Tennant Creek & Barkly Region

The Bark­ly Region is a huge expanse of land that cov­ers more than 300,000 square kilo­me­tres from the trop­i­cal north to the arid desert south. It is an area larg­er than Vic­to­ria or New Zealand. The town of Ten­nant Creek is locat­ed between Kather­ine and Alice Springs along the Stu­art High­way.

Ten­nant Creek has a pop­u­la­tion of approx­i­mate­ly 3,500 peo­ple. It is the fifth largest town in the North­ern Ter­ri­to­ry and is ser­viced by:

  • a pri­ma­ry school and high school 
  • two day­care facilities
  • super­mar­ket
  • post office
  • gym­na­si­um
  • a town swim­ming pool
  • sev­er­al pubs and clubs
  • sev­er­al restaurants. 

Pop­u­lar tourist attrac­tions in the area include:

  • Lake Mary Anne Dam 
  • Bat­tery Hill Min­ing Centre
  • Nyink­ka Nyun­yu Cul­tur­al Centre 
  • the Devil’s Mar­bles rock formations 
  • Wycliffe Well the UFO cap­i­tal of Australia 
  • 4WD tracks.

Abo­rig­i­nal History

Abo­rig­i­nal peo­ple have lived in the Bark­ly Region for over 40,000 years. The area around what is now the town of Ten­nant Creek was used by Waru­mungu peo­ple dur­ing times of drought due to the pres­ence of per­ma­nent water holes.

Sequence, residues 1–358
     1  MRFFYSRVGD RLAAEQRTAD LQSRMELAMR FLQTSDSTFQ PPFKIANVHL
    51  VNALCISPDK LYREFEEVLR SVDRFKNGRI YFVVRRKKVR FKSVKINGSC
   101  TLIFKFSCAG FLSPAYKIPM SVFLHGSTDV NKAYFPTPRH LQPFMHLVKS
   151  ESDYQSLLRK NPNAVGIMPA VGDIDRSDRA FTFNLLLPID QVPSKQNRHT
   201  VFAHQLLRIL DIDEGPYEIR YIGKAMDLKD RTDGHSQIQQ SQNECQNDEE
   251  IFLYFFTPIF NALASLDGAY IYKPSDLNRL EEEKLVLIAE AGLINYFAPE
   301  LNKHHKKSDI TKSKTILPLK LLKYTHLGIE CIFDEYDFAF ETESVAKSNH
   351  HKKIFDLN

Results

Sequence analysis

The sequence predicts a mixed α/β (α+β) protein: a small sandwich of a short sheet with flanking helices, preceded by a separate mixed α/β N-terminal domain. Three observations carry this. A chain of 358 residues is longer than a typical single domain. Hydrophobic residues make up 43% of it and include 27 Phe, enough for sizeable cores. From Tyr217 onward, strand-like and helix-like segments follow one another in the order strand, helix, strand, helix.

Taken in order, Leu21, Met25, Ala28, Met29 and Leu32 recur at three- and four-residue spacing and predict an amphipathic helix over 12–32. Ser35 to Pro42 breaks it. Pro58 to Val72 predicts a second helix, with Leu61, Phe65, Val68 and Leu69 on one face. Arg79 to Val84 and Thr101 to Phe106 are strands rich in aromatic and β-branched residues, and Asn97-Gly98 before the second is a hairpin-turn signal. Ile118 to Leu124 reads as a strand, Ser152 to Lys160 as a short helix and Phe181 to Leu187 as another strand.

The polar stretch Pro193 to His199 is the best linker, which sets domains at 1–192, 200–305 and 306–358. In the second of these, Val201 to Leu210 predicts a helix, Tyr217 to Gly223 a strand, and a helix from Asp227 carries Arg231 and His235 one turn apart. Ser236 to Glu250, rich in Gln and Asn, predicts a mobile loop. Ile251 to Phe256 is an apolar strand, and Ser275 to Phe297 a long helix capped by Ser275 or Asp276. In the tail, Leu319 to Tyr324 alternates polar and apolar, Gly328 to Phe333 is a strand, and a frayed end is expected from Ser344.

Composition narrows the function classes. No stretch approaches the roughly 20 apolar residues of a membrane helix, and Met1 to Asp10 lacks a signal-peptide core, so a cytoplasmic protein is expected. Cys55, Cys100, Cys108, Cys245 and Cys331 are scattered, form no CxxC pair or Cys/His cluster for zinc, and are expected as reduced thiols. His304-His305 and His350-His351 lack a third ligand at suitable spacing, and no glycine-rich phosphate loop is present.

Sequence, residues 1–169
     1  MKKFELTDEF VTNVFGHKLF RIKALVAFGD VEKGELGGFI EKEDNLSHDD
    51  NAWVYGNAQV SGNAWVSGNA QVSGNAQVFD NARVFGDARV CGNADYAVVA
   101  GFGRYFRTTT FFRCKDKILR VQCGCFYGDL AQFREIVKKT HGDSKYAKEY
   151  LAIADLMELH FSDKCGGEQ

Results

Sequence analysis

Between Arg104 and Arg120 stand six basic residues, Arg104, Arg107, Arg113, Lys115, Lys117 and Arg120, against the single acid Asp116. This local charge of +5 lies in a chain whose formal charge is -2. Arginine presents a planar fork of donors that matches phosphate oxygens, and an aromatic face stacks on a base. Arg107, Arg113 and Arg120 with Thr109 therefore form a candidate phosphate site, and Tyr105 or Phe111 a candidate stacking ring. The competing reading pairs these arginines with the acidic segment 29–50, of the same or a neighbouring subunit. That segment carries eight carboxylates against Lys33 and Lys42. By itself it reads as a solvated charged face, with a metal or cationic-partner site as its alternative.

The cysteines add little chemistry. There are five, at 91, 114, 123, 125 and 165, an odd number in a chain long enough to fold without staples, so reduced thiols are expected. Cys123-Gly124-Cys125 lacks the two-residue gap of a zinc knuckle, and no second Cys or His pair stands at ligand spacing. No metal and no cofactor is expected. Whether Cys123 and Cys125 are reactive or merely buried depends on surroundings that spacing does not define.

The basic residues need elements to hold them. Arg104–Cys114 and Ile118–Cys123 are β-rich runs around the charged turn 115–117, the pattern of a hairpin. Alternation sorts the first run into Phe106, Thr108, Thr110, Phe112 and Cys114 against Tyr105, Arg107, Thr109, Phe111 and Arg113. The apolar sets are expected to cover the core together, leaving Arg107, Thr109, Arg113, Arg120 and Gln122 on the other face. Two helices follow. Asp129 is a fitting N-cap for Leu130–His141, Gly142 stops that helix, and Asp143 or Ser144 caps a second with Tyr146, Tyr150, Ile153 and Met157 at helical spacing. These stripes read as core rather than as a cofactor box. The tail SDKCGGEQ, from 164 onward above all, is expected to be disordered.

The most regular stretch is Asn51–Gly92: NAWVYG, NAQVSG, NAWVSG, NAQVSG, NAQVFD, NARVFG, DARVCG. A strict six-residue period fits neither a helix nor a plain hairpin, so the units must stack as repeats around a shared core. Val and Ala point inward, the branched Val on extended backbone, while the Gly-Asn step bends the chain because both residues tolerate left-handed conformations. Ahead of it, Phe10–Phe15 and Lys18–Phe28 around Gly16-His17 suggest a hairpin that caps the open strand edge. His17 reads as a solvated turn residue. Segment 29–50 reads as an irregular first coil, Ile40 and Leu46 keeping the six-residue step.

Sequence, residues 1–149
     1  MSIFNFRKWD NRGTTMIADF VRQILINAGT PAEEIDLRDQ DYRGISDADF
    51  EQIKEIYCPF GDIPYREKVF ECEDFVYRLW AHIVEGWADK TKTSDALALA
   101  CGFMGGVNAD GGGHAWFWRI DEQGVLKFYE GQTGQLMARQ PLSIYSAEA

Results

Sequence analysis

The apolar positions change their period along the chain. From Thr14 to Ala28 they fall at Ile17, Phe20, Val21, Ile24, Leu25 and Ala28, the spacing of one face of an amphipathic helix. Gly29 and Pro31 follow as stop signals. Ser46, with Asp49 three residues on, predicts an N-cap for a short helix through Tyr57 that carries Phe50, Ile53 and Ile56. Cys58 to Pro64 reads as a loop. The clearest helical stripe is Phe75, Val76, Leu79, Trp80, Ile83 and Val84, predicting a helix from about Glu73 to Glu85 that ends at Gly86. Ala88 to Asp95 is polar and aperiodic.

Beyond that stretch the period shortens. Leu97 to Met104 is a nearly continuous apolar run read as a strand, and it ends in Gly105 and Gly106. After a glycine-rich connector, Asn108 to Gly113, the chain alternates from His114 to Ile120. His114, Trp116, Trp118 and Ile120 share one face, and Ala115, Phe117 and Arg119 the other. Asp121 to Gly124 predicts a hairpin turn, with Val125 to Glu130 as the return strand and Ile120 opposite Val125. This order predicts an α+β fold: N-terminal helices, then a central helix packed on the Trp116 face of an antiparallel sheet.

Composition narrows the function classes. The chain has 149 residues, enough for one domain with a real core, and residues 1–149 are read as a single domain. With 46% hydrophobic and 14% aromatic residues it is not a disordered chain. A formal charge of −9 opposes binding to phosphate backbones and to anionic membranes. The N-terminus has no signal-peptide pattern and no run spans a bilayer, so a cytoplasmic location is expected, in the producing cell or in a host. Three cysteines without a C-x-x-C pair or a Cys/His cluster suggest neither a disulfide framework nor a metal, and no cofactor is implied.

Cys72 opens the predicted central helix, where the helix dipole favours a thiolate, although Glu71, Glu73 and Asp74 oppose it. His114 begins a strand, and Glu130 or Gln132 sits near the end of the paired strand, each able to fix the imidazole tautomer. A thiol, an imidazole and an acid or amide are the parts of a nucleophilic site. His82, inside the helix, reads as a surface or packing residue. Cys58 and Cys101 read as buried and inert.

When the Ten­nant Creek Tele­graph sta­tion was built in the 1870s the Waru­mungu peo­ple expe­ri­enced their first inter­ac­tions with Euro­peans, some worked for the sta­tion and received rations. 

From the 1880s onwards, as vast tracts of Waru­mungu coun­try were grant­ed as pas­toral leas­es and stocked with cat­tle, Abo­rig­i­nal peo­ple were unable to con­duct their tra­di­tion­al hunt­ing and gath­er­ing prac­tices. Peo­ple were forced to set­tle on sta­tions or the Abo­rig­i­nal reserve. Many men worked as stock-men, drovers, butch­ers and gar­den­ers. Women car­ried out domes­tic work in the sta­tion hous­es. Pay­ment was gen­er­al­ly in rations only and con­di­tions were usu­al­ly poor.

The dis­cov­ery of gold in the 1930s saw the estab­lish­ment of the town­ship of Ten­nant Creek. It was off lim­its to Abo­rig­i­nal peo­ple until the 1960s. Abo­rig­i­nal peo­ple worked on the gold mines, many of which were locat­ed on what had been the Waru­mungu Reserve.

The fed­er­al Labor Gov­ern­ment led by Gough Whit­lam adopt­ed the pol­i­cy of self-deter­mi­na­tion’ for Indige­nous com­mu­ni­ties in 1972. This pol­i­cy saw Abo­rig­i­nal peo­ple move, or return to Ten­nant Creek from cat­tle sta­tions and Warrabri Abo­rig­i­nal set­tle­ment (Ali Curung). Abo­rig­i­nal peo­ple now make up over half of the pop­u­la­tion of Ten­nant Creek and near­ly 70% of the greater Bark­ly population.


Lan­guage Groups

Many Abo­rig­i­nal peo­ple speak sev­er­al dif­fer­ent lan­guages. Fre­quent­ly Eng­lish is a third or even fourth lan­guage. Lan­guages spo­ken through­out the Bark­ly Region include:

  • Waru­mungu
  • Warl­man­pa
  • Warlpiri
  • Jin­gu­lu
  • Garawa
  • Mud­bur­ra
  • Kayte­tye
  • Alyawarr
  • Anmaty­err
  • Wambaya